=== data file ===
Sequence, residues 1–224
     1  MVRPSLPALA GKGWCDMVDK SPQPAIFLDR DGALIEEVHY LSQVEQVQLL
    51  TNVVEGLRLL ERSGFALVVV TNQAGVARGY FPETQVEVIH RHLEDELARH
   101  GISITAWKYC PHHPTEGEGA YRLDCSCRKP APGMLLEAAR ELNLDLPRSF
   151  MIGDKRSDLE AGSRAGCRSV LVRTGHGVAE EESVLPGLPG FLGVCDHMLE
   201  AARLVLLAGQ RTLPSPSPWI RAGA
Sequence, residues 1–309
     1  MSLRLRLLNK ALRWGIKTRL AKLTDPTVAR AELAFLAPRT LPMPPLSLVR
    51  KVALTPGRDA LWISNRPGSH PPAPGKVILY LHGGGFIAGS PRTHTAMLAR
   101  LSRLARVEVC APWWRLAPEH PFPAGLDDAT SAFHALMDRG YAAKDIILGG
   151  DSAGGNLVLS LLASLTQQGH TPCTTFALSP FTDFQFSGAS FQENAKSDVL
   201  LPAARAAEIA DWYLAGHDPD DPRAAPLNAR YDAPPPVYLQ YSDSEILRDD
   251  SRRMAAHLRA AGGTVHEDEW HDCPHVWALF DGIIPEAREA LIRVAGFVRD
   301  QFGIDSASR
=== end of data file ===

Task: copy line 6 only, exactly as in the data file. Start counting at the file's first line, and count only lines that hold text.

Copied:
   201  AARLVLLAGQ RTLPSPSPWI RAGA